Monday, June 11, 2012

The Victory Book Campaign, 1942–1943

Among the various wartime book programs the Victory Book Campaign is possibly the most fun to research. It involved all the exuberant American home front activities that you would associate with that patriotic time. There were crowds of smiling volunteers, cool poster designs, promotional radio programs, celebrity endorsements, and lively participation by a public eager to support the war effort. This post offers a general overview of the history, while future posts will focus on specific aspects of the campaign.

1943 VBC poster. Image from The University of Illinois Library.

"One of the principal morale activities of the American Army in the Second World War was the distribution of books and the provision of library services to soldiers." —John Jamieson, War Department Library Section, 1944–1945

The American military underwent a massive personnel expansion for the war. In 1939 there were only 174,000 men serving in the Army. By the end of 1942 there were 5,400,000, in 1943 there were 7,000,000, and by the end of the war there were 8,300,000. Naval strength increased by 1,400,000 sailors. It was a tremendous challenge to equip and organize this rapidly growing force. Although the government understood the morale-boosting potential of good reading material, supplying more books to military camp libraries simply could not be an immediate priority. Congress allocated money for buying new books, but process was slow, and the book distribution was limited to bases with new construction. There was a serious government-directed publishing program for the troops, but this would not be until the fall of 1943. In the early years of the war it was American citizens who provided the much-wanted books to servicemen and women.


As thousands of new recruits flooded into training camps across the country, community librarians recognized an opportunity to lend their support. Individual libraries sponsored book drives to donate to their local military bases. In June of 1941 (six months before the attack on Pearl Harbor) members of the American Library Association met to discuss a plan for a coordinated nationwide drive to supply the troops with free books. The ALA presented their idea to the United Service Organizations and The Red Cross. The reception by both groups was enthusiastic. That year the USO was setting up more than four hundred recreational clubs on the outskirts of military camps. They wanted books for their reading rooms. The Red Cross wanted books to send to military hospitals, remote camps with no libraries, their overseas clubs, and American prisoners of war. The two organizations decided to split the project's funding, while the ALA provided technical know-how. The next step was to approach the government for approval.

The military was at first reluctant to accept donated books. They feared that they would be flooded by unsuitable subjects in poor condition. Yet, as John Jamieson explains in Books for the Army, "By the summer of 1941 two facts were very clear: the Army did need books, and whether invited to do so or not, the American people—from school boys to club women—urgently desired to give them. To make a donation of some kind gave civilians a sense of participation in the war effort, and books, to speak frankly, were for most people the easiest things to give." Late in 1941 the Army and Navy gave their approval, and the National Defense Book Campaign was formed.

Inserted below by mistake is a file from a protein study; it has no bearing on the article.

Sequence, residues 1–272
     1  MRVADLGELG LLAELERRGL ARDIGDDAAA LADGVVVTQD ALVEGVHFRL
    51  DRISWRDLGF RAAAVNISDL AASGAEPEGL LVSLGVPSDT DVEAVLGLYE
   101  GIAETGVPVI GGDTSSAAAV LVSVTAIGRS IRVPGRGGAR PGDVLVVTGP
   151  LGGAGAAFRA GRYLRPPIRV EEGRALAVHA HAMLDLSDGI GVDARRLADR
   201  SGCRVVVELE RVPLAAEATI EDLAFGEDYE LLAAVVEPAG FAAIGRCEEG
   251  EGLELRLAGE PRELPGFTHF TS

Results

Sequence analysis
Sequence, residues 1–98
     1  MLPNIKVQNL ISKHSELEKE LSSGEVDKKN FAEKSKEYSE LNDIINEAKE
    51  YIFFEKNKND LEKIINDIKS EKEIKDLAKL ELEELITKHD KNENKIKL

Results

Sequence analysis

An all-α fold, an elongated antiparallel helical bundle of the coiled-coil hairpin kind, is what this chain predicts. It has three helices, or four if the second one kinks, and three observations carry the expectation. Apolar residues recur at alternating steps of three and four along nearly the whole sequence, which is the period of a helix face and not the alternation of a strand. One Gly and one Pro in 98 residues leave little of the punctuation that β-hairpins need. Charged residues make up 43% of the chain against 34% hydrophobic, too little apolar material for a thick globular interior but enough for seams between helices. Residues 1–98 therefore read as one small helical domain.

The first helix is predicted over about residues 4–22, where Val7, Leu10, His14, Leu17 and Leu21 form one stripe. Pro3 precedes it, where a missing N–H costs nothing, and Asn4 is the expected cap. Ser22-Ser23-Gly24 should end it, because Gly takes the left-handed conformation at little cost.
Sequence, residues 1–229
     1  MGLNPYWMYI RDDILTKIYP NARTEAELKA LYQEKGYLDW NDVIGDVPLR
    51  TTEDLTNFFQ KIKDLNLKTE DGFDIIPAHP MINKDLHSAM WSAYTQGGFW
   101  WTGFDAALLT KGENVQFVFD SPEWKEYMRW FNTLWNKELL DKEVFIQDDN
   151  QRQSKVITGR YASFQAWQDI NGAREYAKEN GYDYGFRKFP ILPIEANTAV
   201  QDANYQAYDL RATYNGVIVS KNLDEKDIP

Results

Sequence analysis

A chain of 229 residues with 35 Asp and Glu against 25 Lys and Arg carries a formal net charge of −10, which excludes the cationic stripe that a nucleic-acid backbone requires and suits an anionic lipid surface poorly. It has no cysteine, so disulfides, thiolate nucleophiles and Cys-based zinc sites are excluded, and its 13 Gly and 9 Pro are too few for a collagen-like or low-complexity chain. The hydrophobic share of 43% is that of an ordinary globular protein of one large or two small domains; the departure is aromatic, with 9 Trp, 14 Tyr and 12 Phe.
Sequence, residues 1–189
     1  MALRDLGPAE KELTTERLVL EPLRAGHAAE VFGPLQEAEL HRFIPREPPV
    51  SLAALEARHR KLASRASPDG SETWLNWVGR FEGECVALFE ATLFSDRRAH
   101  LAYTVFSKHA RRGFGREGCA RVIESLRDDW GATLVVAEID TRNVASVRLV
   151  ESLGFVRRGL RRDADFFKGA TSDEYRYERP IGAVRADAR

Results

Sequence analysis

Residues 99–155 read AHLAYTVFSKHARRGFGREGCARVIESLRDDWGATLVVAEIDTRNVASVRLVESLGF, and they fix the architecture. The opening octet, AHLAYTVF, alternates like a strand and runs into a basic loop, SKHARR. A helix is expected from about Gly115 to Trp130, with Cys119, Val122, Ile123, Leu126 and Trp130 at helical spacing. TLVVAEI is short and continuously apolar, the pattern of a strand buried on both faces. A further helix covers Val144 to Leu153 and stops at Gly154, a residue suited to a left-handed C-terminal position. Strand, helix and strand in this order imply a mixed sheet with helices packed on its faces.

The new organization was headquartered in the Empire State Building in New York City. The first board meeting took place on November 8, 1941. Althea Warren, a librarian from the Los Angeles Public Library, was chosen to be the national director. A week after the attack on Pearl Harbor (December 7, 1941) the organization changed its name to the more peppy-sounding Victory Book Campaign. Warren contacted librarians across the country to set up a campaign director for each state. Specialized committees were formed to handle different aspects of the publicity, book collection, and distribution. External organizations were asked to participate, including book publishers, universities, the Boy Scouts & Girl Scouts, the Works Projects Association (WPA), and others.

Books collected by Boy Scout Troop 4, Amarillo, TX. Photo from the Amarillo Public Library.



The day planned to begin book collections was January 12, 1942. Books were to be received year round, but the bulk of publicity efforts were made from January to March. To inform the public a variety of PR techniques were used. Posters were designed, radio spots scripted, and press releases sent out. Newspapers and magazines wrote articles, and radio stations interviewed VBC members. Letters were written, and telephone calls were made to state and local government officials.

Collection and Distribution

The public was asked to give up-to-date textbooks for military libraries. For the troops' recreational reading the VBC wanted adventure novels, humor books, sports books, mysteries, Westerns, etc. Most people delivered the books to their local library. Boy Scouts and Girl Scouts went door to door asking for donations. In some areas a family could leave a book on their doorstep for the milkman to collect along with his empty milk bottles. Private businesses installed collection boxes for employee donations. Main Street shops designed window displays calling for donations. Children brought books to school. Red Cross trucks could be called to pick up book donations. By March 6,500,000 books had been received nationwide. Warren left her position as director that month, and was replaced by John M. Connor.